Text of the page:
I awoke screaming at 4 am. My abdomen was clearly being torn apart. My dream-brain hopped around for answers. Labor? Not pregnant. Microwaved and about to shoot out boiled intestines? Time will tell. Cyst? Possibly. Bad gas? Considering the morning that followed, likely. At any rate, Huck hauled a five gallon bucket of Ibuprofen up to me. And in an hour, I was feeling merely odd sensations and none of them breath-takingly painful.
It was good and I'm not even being sarcastic. This is because at the moment I awoke, I was dreaming that I was one of the last survivors of Hiroshima. I was wandering around a scalded prairie of bones and charred humans, black alligators, crawling and begging for water. I was skipping between that and attending a potluck for people trying to prevent any further nuclear detonations on earth. Unfortunately, the potluck was held at a ramshackle house and I kept trying to reassure the remodeling owners that they'd "get there... some day." And "You never know what kind of treasures and views you'll stumble upon as you remodel," I was saying. Even though I didn't really believe it. Between utter devastation and awkward social situations, I was glad to awake in my safe home with clean drinking water, five gallons of ibuprofen, my husband ready to help, and my healthy children sleeping in the next room. It wasn't so bad.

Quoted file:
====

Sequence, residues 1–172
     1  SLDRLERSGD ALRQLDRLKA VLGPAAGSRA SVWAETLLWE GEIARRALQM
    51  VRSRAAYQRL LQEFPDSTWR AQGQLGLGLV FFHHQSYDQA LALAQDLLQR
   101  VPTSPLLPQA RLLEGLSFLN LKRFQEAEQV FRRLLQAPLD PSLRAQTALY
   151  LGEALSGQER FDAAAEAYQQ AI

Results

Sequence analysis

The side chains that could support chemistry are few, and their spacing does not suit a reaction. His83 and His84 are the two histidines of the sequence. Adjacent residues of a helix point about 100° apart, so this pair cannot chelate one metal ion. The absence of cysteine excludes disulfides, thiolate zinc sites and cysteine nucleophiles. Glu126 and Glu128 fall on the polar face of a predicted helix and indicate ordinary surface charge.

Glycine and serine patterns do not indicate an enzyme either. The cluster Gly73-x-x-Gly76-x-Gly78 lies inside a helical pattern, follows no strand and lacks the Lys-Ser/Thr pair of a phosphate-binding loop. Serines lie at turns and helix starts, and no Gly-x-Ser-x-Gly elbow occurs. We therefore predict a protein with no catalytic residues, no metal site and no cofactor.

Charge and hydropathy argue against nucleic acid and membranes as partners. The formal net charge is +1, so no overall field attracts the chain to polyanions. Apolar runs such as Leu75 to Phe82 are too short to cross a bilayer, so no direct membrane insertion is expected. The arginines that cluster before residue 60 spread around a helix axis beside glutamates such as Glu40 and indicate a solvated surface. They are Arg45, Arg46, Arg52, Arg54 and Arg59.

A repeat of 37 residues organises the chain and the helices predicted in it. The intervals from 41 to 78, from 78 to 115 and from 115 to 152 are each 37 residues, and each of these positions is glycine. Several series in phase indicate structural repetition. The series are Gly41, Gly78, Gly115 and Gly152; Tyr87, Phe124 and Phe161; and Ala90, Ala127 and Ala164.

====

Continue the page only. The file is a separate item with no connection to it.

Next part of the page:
I'd put myself in the library queue for the new book The Last Train from Hiroshima. Two weeks ago, my name came up and it was my turn to speed read that thing in two weeks. I took the challenge. Yes, I did. But in the mean time, one of the other books I'm reading is called Man's Search for Meaning by Viktor Frankl. That's not a new book I didn't have to read it right then. But I was. I was wandering around the library as I usually do on Wednesdays while Blue's in piano lessons and it caught my eye. I recognized the title but had no idea what it was about. Now I know: a psychologist survives Auschwitz and takes notes.
After an evening reading of the horror of Hiroshima and Nagasaki, before going to bed I do a chaser of Auschwitz. Not that Auschwitz was much better, just a slower version of the same. But there were several differences. Frankl searches for meaning in all that suffering. And the first 2/3rds of the Hiroshima book does not even strive for meaning but rather creates a mosaic of unimaginable suffering.
In addition, I've read plenty about the holocaust, been to the museum in DC, seen the films, etc, and have built up some sort of psychological mechanism to deal with it. It's still barf-inducing terrifying, but I've coped before, starting in 7th grade with the reading assignment of Corrie Tin Boom. But the horrors of the atomic bombs were all new. All new to me. I was not ready. No one could be.
And the third way in which they differ is not that I sympathize with one group of victims over the other, it's that my nationality is implicated in one case as well as my humanity. Way over in Germany, Hitler (a nice point person for blame) spoke German, and only my humanity is implicated and no more so than all humans in general.